5 Reasons For an Ecommerce Business Plan

Does an ecommerce company need a business plan?

Yes, any company can benefit from developing a business plan. When many businesses prepare a plan solely to secure outside funding, a business plan can also help you focus on what you want your organization to be in the future and provide a map of how to get there. In an industry that changes as quickly as ecommerce, a business strategy can help a business respond and adapt to changing market conditions.

5 Reasons to Prepare a Business Plan

  • To secure financing. Whether you are looking for a loan or an equity investment, the company which will offer the money has to be assured that you know what you are doing and have a path to gain. Creating a business plan also makes it possible to ascertain how much cash you actually need. Unanticipated costs can sink a business so that it’s important to ask sufficient funds to accommodate contingencies.

    Most funding sources won’t consider a request without a formal business plan which explains the future potential of the business. Even friends or relatives might want to know that you have seriously thought about the business before they give you money.

  • To prevent costly mistakes. Is your business idea feasible? Will people buy your product or service? A good business plan requires you to perform some initial market research to determine if there’s in fact a market. You’ll have to learn if your revenue model is sound and how long it will take for your organization to become profitable. Another step would be to perform a SWOT analysis — strengths, weaknesses, opportunities, threats — to observe the whole industry picture. I addressed this last month, in “SWOT Analysis for Ecommerce Companies.”
  • To establish priorities. A well-written business plan can provide day-to-day operational guidance. It’s easy to become distracted with regular information or emergencies when you have a new company.
  • To set up company milestones. The plan should clearly describe the long term accomplishments which will be important to the success of your organization.
  • To make alignment among business owners. You may have partners in your organization. Creating a business plan with input from many partners after the business is just starting ensures that everyone has the exact same vision about the endeavor. Disagreements among partners are major contributors to business failure.

Elements of a Great Business Plan

A thorough business plan entails the following.

  • Summary of economy. An investigation of your competitors and what you may have to do better for customers.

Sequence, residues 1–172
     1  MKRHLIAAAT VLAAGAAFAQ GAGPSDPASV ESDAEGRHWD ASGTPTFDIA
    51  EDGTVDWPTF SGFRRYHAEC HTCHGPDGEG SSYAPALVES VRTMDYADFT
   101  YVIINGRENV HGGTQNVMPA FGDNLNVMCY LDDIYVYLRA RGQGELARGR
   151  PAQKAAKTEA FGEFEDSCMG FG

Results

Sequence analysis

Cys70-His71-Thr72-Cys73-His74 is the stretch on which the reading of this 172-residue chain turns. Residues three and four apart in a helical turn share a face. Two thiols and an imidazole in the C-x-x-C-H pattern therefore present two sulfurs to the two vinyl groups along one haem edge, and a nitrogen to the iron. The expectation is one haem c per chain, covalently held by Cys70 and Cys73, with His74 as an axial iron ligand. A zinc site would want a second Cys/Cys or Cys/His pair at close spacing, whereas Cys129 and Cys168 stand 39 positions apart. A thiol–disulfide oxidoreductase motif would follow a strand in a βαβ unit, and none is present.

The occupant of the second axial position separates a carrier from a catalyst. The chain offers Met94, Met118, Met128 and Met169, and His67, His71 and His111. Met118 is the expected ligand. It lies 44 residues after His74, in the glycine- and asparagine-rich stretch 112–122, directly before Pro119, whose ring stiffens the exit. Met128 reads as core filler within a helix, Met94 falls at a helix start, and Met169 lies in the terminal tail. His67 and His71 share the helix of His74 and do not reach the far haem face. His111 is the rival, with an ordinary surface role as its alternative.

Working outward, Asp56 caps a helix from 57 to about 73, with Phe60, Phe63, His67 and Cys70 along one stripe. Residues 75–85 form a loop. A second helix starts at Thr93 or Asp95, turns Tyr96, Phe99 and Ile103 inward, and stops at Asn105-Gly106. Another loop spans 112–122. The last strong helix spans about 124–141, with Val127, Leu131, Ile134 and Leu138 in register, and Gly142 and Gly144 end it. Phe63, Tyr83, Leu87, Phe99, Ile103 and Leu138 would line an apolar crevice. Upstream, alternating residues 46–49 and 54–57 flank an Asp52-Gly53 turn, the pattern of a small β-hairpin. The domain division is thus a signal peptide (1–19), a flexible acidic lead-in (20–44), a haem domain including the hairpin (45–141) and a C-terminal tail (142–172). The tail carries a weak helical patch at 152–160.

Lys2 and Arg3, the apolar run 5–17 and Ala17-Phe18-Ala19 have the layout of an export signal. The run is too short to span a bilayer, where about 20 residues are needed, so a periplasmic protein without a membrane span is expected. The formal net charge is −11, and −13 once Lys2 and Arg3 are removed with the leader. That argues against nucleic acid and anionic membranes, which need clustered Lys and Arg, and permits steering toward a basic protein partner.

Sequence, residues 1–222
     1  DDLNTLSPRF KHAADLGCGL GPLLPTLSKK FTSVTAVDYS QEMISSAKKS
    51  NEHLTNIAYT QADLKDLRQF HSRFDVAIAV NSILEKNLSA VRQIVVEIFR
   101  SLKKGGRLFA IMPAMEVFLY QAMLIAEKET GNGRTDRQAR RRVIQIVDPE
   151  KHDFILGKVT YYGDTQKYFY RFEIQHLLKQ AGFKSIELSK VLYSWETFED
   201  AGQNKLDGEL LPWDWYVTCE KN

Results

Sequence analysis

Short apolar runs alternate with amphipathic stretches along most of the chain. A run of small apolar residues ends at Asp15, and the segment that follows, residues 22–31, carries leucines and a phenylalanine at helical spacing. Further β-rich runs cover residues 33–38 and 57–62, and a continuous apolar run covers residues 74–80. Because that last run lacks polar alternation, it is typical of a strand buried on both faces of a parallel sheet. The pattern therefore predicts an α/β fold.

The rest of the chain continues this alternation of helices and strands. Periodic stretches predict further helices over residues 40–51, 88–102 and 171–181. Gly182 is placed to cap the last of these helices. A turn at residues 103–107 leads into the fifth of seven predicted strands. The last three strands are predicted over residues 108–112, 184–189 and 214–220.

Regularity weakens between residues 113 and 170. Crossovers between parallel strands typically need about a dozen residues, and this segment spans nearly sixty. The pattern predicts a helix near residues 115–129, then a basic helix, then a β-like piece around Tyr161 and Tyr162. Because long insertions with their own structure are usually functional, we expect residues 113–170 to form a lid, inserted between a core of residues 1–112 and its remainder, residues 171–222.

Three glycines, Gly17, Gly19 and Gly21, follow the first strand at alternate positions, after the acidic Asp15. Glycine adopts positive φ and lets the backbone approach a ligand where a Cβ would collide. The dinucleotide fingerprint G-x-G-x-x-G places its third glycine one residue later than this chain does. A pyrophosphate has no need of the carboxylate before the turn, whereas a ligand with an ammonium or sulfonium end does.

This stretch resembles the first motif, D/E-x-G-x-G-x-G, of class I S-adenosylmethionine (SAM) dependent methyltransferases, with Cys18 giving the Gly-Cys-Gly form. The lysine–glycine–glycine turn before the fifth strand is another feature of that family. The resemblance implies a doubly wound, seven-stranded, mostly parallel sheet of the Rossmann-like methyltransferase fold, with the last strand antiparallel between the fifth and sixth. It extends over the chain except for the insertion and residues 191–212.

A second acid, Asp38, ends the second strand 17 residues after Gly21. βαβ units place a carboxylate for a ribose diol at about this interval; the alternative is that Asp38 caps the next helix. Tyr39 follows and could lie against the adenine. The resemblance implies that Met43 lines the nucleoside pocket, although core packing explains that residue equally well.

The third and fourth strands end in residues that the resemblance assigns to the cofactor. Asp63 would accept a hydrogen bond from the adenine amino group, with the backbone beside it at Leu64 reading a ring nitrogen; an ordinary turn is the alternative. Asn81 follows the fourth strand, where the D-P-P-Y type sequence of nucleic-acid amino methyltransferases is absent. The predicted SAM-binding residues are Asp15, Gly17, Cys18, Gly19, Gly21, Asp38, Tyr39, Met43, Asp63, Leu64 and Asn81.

• Target market. Defines who the target market is, how big it is.
  • Clients. Demonstrates an understanding of consumer purchase behavior — why they buy, price sensitivity, product preferences.
  • Advertising. A description of how you will advertise your organization,
  • Earnings. Expected earnings and operating expenses for the first 3 years.


If you are introducing your plan to obtain funding, include the following financial documents.

  • Summary of financing requirement. A summary indicating why you are applying for a loan and how much you need.
  • Use of funds statement. Describes how you want to use the funds. Back up your statement with supporting information.
  • Budget. This shows cash inflow and outflow over a period of time. Cash flow statements show both how much and when cash must flow in and out of your business.
  • Three-year Revenue Factor. How can you learn how to estimate future earnings? Use the pro forma cash flow statement for the first year’s figures and project the next according to economic and business trends.
  • Breakeven analysis. The break-even point is when a company’s expenses exactly match the sales or service volume. It may be expressed in total dollars or revenue exactly offset by total expenses.

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Business Strategies for Established Businesses

If your business is a continuing concern, is there an upside to preparing a business plan? If you are in need of additional funds, then you will certainly require one. In this case you will also have to provide performance metrics for your company’s past performance. This includes the following.

  • Balance sheet. This shows the condition of the business as of a fixed date. It’s a picture of your firm’s financial condition at a particular moment and will show you whether your financial position is strong or weak. It is normally done at the end of an accounting period, and contains assets, liabilities and net worth.
  • Profit and loss statement. This document gives a picture of your business financial activity over a period of time.
  • Financial summary. This covers financial information regarding your company from its establishment to the present.

If your organization is secure and does not require external financing you still may consider doing at least a review of your marketing approach, your priorities, and a SWOT analysis. Your competitors will always be trying to outperform you and there is absolutely not any room for complacency in ecommerce.

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